By P.K. Doraiswamy
During a recent lecdem titled Development of Raga, held under the auspices of the Music Forum, Chitravina Ravikiran prefaced it with the following ‘rules’:
- Every phrase should have the chhaya of the raga
- There should be no phrase with the chhaya of another raga
Giving examples of how some individual swaras and phrases common to different ragas should be sung slightly differently to reflect the chhaya of each raga, Ravikiran said these subtle nuances represented the distinct glory of Carnatic music. For example, when starting Sankara-bharanam and Kalyani with antara gandhara, he showed how the ga should be intoned differently. How ga ma dha in Kanada should be sung with an emphasis on ga.
Subtle, beautiful and scholarly as these rules sound in short examples, are they practically feasible in an actual elaborate presentation? Are they a sine qua non for a correct delineation of the raga swaroopa or a reasonably knowledgeable listener’s enjoyment of a raga?
There is an established concept of chhayalaga ragas which have slight traces of other ragas built into their swaroopa structure, namely, Ghanta with traces of Punnagavarali, Dwijavanti wih traces of Yadukulakambhoji and Sahana. Should you make a conscious effort, while singing these ragas, to ‘bowdlerise’ them and clean up traces of other ragas? Will this not change the established swaroopa of these ragas? During a lecdem on Bhairavi and Manji, T.N. Krishnan said that every phrase in Manji was admissible in Bhairavi but not vice versa. In other words, Manji, as a subset of Bhairavi, has to avoid certain sancharas of Bhairavi, whereas Bhairavi, as the mother set, was under no such constraint in regard to its subset Manji.
Shatsruti rishabha is the only note which distinguishes the Vagadeeswari scale from the Harikambhoji scale. If one were to go on singing sancharas containing only ga, ma, pa, dha and ni omitting ri, it may be difficult sometimes to guess whether Vagadeeswari is being sung or Harikambhoji. Lalgudi in one of his lecdems, gave the example of Latangi and Kalyani and pointed out how, if in Latangi one sang phrases without the suddha dhaivata for long, it would sound like Kalyani which was a more dominant raga. He, therefore, suggested that in such cases one should touch the differentiating note frequently, if only in passing, to keep the identity of Latangi alive. Frequently, but not necessarily always. Lalgudi pointed out that when a typically bhava-reflective phrase of a raga is sung, the ambient effect of the raga bhava persists for a minute or two. During this interval, one could sing other creative phrases in the scale which may not be so raga-reflective or which are common to other ragas without diluting or compromising the overall identity of the main raga; even a sa would sound as if it belonged to the raga! (In fact, this is what enables a musician to sing even rakti ragas elaborately in spite of certain stock phrases occurring repeatedly in such ragas). But the typical phrases of the raga have to be sung before this transient, golden interval is over so that the identity of the raga is kept alive. Thus, in order to preserve the overall chhaya of a raga, every phrase does not have to be a long, rakti phrase; short ‘neutral’ phrases are also permissible.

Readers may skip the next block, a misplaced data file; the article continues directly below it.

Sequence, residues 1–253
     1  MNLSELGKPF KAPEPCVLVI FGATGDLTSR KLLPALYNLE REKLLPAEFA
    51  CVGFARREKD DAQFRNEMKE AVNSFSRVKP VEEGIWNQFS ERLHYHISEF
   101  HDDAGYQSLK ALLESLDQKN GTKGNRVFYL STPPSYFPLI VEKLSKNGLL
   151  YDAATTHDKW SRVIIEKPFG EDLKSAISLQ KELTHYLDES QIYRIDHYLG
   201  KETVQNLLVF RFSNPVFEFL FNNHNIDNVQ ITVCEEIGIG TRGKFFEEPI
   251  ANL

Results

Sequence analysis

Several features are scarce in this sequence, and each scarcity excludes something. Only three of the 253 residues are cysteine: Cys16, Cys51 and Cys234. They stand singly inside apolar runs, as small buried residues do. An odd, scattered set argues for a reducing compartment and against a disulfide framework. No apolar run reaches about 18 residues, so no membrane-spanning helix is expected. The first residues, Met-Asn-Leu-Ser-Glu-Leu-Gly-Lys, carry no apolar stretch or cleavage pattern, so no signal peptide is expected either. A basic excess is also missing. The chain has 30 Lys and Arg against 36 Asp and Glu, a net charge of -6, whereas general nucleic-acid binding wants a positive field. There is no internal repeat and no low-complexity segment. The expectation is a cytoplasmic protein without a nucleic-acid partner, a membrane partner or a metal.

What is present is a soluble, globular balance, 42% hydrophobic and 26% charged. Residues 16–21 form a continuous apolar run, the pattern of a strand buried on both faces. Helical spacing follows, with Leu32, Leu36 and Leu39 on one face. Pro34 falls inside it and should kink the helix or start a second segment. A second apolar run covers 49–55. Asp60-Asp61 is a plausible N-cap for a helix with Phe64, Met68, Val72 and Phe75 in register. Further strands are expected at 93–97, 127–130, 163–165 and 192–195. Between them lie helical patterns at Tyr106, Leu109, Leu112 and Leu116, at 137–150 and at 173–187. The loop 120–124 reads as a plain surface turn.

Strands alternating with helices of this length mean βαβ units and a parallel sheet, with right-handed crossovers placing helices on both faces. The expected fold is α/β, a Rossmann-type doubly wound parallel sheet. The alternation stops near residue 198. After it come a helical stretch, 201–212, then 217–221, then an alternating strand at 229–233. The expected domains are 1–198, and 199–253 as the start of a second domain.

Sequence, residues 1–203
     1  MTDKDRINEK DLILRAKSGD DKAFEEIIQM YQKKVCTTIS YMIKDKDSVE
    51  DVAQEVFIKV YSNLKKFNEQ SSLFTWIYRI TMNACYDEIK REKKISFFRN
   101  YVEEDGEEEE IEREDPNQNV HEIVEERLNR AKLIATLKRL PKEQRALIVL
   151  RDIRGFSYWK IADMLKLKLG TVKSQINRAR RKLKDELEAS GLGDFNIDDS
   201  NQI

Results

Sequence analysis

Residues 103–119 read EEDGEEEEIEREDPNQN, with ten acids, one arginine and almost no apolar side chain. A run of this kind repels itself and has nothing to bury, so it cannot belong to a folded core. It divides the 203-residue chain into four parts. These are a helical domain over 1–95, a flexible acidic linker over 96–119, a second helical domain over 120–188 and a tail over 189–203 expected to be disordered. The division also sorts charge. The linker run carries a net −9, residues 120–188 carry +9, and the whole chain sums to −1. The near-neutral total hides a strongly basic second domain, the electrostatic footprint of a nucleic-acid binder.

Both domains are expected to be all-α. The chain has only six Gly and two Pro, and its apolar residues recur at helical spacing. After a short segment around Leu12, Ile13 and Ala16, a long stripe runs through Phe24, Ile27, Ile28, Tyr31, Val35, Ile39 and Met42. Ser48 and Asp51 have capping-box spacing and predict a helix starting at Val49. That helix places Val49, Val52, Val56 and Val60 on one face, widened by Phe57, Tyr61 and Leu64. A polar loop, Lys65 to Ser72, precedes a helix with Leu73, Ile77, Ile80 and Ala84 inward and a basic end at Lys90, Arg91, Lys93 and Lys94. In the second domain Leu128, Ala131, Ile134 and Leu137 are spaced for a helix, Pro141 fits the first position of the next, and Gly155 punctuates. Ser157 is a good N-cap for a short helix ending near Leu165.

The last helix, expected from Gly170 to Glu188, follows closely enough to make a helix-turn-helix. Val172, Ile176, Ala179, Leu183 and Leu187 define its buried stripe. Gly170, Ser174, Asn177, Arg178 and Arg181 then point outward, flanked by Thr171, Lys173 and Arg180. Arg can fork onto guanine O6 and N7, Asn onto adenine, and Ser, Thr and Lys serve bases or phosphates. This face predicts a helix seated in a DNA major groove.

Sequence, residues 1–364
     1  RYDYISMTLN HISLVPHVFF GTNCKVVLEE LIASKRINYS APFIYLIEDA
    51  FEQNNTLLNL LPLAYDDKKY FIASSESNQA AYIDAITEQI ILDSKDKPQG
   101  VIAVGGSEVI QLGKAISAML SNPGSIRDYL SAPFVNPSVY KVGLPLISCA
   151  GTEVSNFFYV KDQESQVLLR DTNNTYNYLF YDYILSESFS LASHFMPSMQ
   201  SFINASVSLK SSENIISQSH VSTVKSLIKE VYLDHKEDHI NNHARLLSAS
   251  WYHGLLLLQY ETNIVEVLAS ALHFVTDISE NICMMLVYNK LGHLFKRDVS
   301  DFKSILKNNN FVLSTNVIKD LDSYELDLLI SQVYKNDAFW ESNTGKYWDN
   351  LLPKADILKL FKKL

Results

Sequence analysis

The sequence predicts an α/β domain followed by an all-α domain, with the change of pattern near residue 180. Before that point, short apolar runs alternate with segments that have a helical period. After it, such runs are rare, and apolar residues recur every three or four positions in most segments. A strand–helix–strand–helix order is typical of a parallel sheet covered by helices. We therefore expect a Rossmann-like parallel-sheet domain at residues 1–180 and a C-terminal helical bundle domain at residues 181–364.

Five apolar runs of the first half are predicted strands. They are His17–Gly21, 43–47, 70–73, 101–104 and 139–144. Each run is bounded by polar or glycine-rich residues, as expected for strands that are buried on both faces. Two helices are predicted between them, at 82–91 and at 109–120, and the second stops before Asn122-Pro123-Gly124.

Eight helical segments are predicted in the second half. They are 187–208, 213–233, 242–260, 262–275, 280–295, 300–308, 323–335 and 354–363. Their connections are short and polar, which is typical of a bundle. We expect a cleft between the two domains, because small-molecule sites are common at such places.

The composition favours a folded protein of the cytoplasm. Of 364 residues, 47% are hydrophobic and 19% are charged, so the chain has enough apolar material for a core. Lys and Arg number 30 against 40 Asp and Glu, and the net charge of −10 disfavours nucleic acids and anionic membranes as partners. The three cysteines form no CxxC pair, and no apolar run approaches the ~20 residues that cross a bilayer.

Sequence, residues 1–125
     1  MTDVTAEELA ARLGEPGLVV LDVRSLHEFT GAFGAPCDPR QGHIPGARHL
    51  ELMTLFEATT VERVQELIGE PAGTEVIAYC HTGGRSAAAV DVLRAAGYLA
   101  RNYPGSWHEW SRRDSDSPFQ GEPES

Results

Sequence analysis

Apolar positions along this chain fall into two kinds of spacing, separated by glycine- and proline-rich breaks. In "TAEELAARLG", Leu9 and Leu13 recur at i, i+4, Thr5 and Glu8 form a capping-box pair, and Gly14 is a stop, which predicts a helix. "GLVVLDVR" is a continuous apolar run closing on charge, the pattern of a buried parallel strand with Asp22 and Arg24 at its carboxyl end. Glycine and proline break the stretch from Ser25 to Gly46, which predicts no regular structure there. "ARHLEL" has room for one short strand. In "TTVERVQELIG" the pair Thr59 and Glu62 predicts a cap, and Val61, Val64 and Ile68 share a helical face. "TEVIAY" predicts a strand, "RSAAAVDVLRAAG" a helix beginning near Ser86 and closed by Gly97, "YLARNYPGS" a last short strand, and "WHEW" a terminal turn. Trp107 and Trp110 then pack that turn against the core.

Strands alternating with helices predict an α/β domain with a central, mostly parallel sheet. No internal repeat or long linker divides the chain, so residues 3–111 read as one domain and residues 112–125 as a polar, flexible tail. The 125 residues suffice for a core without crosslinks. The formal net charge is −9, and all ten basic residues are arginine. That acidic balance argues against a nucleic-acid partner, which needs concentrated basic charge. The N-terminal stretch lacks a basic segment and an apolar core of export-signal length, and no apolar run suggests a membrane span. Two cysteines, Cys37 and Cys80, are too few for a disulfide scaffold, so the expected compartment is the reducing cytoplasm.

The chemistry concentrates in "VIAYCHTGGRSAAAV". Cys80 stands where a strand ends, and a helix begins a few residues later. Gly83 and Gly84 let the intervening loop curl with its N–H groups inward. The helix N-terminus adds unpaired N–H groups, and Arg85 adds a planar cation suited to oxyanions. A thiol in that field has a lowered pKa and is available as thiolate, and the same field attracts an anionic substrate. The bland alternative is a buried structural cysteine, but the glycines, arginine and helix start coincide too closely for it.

While ragas like Kambhoji or Todi may have signature phrases which ‘fix’ them, slightly esoteric ragas like Pavani and Kosalam do not have such phrases. These can be identified only when you listen to the whole octave and also possess some swara gnanam. Shorter phrases in such ragas may be common to other ragas and, therefore, canno0t ‘fix’ them.
Some musicians like to play hide-and-seek with the audience with regard to the identity of the raga by not singing rakti prayogas for some time. Once during a concert by a Sangita Kalanidhi, during an alapana I asked another Sangita Kalanidhi sitting next to me whether the raga being sung was Bhavapriya. He said, “Let us wait and see”. If the hide-and-seek is resorted to by an established and accomplished musician and forms only a small portion of the alapana which otherwise is of high quality, it would seem like a bonus quiz which many knowledgeable listeners enjoy.
Gamakas are the soul of a raga. They can be seen in their full glory only in slow or in madhyama kala when one dwells on the notes. But today’s music is characterised, if not dominated, by a preference for acceleration and arithmetic which crowd out the gamakas. The subtle nuances pointed out by Ravikiran may have been possible in M.D. Ramanathan’s music but in today’s concert tsunami, they are likely to be simply swept away. Moreover, they are noticeable more in vocal music than in instrumental.
Once, Maharajapuram Viswanatha Iyer and Prof. P. Sambamoorthy were sharing the stage. During his presidential speech, Sambamoorthy pointed out how musicians were not always following the prescribed lakshanas of ragas and appealed to senior musicians to set an example in this regard. In response to this Maharajapuram, in his speech, said, “Professor is a great scholar and has put forth very learned suggestions. However, if I were to follow his advice, no one would invite me to give a concert. I would be invited only to preside over meetings.”
(The author is a retired civil servant and connoisseur of music)